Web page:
It’s estimated that 500 species of bacteria are living in our mouths at any given time. Our mouths are continuously seeding our gastrointestinal tracts with bacteria. So how important is our oral health when it comes to our overall health? And what role does sugar play?
According to recent findings, it seems to be much more important than we once thought.
“For many years, we have been aware of some associations between oral diseases and certain systemic conditions, but the mechanisms were not very well understood,” says Carola Carrera Vidal, Ph.D., 3M Oral Care microbiologist and dentist. “Nowadays, we have a much better understanding of the association between an unbalanced microbiome and several oral and systemic conditions and diseases.”
Microbiologists explain our mouths as complex ecosystems, teeming with an incredible number of microorganisms, including bacteria, yeast and viruses. A change in its delicate balance, like high exposure to sugar, can trigger dysbiosis – or microbial imbalance – and start the tooth decay process.
Our mouths are in a constant battle of demineralization and remineralization. When we consume sugar, the bacteria in our mouths digest the sugar and produce acid, which weakens tooth enamel (demineralization). On the other hand, the minerals in our saliva – and the fluoride from toothpaste and water – help the weakened tooth enamel repair and strengthen itself (remineralization).
One of the defining characteristics of these incredible bacterial ecosystems in our mouths? Their ability to form a biofilm.
A biofilm is a thin, slimy film of bacteria that adheres to a surface. Although the term biofilm might be unfamiliar to many of us, the concept certainly isn’t – we encounter biofilms daily in our lives. They flourish upon moist or wet surfaces: Slippery rocks in a stream are coated with biofilm, and so is your dog’s water bowl and clogged drains. And one of the most common biofilms of all? Dental plaque – a thriving biofilm in our mouths.
Several distinct surfaces inside our mouths develop biofilms, including our enamel (the hard, outer surface of our teeth), the roots of our teeth (when the gum has recessed), as well as our tongues, gums and cheeks.
“It’s been found that the microbiomes of each of those biofilms are quite different from one another,” says Dr. Carrera. “The biofilm attaching to hard surfaces are referred to as dental plaque. The tooth is a non-shedding surface, so biofilms can accumulate in great quantities when oral hygiene is not properly conducted, or when too much sugar is introduced.”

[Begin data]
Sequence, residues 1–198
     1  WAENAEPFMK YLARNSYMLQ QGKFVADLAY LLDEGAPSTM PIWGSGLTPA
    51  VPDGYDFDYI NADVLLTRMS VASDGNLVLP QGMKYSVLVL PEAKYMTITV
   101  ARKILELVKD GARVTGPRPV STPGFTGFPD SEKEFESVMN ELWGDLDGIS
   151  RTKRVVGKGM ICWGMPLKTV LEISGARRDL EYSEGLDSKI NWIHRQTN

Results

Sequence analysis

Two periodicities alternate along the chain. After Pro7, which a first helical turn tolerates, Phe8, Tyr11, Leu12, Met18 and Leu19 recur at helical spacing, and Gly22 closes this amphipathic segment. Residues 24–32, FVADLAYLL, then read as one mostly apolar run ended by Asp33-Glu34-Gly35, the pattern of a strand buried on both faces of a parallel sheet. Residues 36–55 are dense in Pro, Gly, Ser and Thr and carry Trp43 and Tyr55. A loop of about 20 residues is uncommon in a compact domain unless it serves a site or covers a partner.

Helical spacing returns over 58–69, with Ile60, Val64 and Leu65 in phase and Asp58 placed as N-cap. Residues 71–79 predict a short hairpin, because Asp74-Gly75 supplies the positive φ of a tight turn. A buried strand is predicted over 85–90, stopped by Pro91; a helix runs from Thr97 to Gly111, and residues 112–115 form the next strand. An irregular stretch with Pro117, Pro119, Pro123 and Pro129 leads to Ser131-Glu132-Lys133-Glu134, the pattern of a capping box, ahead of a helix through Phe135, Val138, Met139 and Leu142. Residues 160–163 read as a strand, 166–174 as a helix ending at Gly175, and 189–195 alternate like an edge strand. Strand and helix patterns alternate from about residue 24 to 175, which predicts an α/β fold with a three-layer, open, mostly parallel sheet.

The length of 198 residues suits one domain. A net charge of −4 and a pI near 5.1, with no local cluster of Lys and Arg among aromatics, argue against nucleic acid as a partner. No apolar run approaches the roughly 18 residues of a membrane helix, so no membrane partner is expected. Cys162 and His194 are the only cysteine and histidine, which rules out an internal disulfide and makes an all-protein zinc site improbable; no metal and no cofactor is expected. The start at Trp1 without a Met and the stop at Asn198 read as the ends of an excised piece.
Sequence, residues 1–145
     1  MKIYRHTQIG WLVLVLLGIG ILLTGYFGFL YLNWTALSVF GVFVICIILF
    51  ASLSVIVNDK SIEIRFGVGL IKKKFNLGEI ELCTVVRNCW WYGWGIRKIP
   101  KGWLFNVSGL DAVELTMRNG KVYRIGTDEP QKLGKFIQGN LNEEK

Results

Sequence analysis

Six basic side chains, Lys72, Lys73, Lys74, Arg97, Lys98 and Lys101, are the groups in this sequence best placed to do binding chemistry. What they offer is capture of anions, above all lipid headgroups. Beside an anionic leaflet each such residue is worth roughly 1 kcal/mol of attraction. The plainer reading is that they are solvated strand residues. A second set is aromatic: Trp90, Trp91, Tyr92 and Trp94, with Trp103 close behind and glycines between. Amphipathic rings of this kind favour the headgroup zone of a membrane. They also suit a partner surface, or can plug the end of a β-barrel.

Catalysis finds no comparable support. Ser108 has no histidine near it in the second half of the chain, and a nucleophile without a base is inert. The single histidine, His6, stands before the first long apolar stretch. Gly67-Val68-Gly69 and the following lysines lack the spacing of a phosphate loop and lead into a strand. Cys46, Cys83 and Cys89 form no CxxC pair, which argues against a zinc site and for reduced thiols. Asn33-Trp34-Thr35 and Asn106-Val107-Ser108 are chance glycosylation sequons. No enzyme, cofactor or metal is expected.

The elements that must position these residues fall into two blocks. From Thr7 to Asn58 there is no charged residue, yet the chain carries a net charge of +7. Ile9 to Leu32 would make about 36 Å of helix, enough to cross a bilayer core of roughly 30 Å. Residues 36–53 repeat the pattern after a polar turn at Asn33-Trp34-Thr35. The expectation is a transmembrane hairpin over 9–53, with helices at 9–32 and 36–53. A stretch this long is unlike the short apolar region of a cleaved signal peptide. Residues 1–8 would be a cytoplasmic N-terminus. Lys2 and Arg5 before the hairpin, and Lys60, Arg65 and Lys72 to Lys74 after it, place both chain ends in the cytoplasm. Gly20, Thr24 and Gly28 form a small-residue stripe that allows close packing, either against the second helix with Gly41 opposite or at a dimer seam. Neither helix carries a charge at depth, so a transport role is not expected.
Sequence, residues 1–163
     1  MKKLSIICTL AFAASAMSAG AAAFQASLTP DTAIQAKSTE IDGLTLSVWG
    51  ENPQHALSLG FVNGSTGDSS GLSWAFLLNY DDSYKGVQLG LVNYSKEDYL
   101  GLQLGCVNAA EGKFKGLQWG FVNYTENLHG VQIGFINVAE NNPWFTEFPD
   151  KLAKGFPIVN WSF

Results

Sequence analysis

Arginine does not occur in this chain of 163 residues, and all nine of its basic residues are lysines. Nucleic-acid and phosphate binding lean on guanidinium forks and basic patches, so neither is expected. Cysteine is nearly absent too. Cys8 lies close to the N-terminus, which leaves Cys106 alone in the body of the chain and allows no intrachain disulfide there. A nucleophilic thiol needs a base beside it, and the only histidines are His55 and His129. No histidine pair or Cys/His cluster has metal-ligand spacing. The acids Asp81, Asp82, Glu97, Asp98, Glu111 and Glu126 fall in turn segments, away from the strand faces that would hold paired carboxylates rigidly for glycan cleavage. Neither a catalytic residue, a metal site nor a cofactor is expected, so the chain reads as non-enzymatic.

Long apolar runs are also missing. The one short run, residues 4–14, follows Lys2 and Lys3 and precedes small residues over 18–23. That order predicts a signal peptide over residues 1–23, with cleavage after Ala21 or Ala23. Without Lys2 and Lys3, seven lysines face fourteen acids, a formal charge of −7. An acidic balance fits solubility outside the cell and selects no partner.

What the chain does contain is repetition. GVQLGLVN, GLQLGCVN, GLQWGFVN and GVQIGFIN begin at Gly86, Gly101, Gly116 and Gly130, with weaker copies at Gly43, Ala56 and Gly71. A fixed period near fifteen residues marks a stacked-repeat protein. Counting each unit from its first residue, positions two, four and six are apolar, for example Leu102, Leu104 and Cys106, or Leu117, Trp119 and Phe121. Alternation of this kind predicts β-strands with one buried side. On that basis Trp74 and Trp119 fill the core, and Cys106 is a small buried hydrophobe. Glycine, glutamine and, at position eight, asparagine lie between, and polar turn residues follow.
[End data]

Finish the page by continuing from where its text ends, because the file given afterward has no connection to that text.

We love it. And, given all the recent chatter about how it negatively affects our health, we also love to hate it. It’s been well known for decades that sugar is a leading risk factor for tooth decay, and that reducing its consumption as part of a healthy diet not only promotes better oral health, but may reduce diabetes, obesity and other non-communicable diseases.
The microbiome model of tooth decay is described as an imbalance in the oral biofilm in which the bugs who produce the highest amounts of acid become predominant. Our mouths can be in a state of dynamic balance where these more harmful bugs are kept in check by their neighbors. But, when we eat sugar, it creates a feeding frenzy for the acid-producing bugs, which increases their population and allows them to outnumber their neighbors. This is what is called a biofilm in dysbiosis.
The “acid attacks” that happen in our mouths when we consume sugar significantly contribute to tooth decay. The biggest offenders to our teeth typically include soda, sports drinks, fruit juices and gummy, sticky and long-lasting sweets. But sugar hides in places we wouldn’t think to look, like barbecue and pasta sauces, fruit yogurt and even bread.
The good news? Tooth decay is highly preventable. Some say it’s even up to 90 percent avoidable. Here’s how:
The World Health Organization recommends adults and children reduce their daily intake of free sugars to less than 10 percent of their total energy intake. They also say that a further reduction to less than five percent or roughly 25 grams – or six teaspoons – per day would provide additional health benefits.
But the average American’s sugar intake is upwards of 88 grams – or two teaspoons – per day. That’s almost four times as much as the WHO says is healthy.
Community water fluoridation is recommended by nearly all public health, medical and dental organizations. More than 70 years of scientific research has consistently shown that an optimal level of fluoride in community water is safe and effective in preventing tooth decay by at least 25 percent in both children and adults.
Brushing with a fluoride toothpaste for at least two minutes twice a day is a proven way to keep your mouth healthy. When we brush with fluoride toothpaste, the fluoride is applied to the surface of our teeth, which provides a topical benefit and helps to remineralize our tooth enamel.
And don’t forget to floss before bed, too. Flossing removes food debris and plaque that our toothbrushes sometimes can’t reach.
It really does pay to go to the dentist on a regular basis: Your dentist can check for problems that you may not see or feel, and many dental problems don't become visible or cause pain until they are in more advanced stages.
Our saliva plays a huge role in the health of our mouths. It’s our mouth’s primary defense against tooth decay and maintains the health of the soft and hard tissues in the mouth, says the American Dental Association. It washes away food, neutralizes acids produced by bacteria and provides disease-fighting substances, offering first-line protection against microbial invasion or overgrowth that might lead to disease. If you have symptoms of dry mouth or hyposalivation, consult with your dentist.